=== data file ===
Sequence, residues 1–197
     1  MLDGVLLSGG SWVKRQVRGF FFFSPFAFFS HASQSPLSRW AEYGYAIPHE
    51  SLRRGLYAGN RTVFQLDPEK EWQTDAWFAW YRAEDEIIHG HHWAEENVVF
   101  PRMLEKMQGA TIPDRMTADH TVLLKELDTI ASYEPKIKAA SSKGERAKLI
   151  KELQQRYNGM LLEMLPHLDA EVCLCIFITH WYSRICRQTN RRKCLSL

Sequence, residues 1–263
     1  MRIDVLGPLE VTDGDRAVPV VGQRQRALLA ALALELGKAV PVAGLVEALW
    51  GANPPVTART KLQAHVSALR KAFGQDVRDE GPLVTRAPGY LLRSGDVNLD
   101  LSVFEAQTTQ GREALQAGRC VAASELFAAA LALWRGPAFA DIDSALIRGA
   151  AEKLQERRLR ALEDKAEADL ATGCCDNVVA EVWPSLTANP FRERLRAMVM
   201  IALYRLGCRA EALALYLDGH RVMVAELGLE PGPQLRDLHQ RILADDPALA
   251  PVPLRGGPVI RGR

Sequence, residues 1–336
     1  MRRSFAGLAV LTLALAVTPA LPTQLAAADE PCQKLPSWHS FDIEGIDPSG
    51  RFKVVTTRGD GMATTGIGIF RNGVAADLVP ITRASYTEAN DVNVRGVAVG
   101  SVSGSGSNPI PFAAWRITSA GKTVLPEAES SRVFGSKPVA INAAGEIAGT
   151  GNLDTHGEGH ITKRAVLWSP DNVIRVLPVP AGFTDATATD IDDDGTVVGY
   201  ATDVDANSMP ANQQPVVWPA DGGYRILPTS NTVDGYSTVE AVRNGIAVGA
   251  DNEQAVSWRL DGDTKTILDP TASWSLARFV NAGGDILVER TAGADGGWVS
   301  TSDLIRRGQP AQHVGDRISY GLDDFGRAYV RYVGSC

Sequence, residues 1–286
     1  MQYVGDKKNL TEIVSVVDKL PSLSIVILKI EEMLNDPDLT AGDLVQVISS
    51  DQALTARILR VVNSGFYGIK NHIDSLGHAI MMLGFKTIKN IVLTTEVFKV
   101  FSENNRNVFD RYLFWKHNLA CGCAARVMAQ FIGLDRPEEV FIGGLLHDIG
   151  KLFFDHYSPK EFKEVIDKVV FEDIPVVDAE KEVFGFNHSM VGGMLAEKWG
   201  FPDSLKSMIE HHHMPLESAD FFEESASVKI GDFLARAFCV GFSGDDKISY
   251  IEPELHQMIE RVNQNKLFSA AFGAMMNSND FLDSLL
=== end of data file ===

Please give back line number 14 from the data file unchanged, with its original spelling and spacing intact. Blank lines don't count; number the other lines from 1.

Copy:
     1  MRRSFAGLAV LTLALAVTPA LPTQLAAADE PCQKLPSWHS FDIEGIDPSG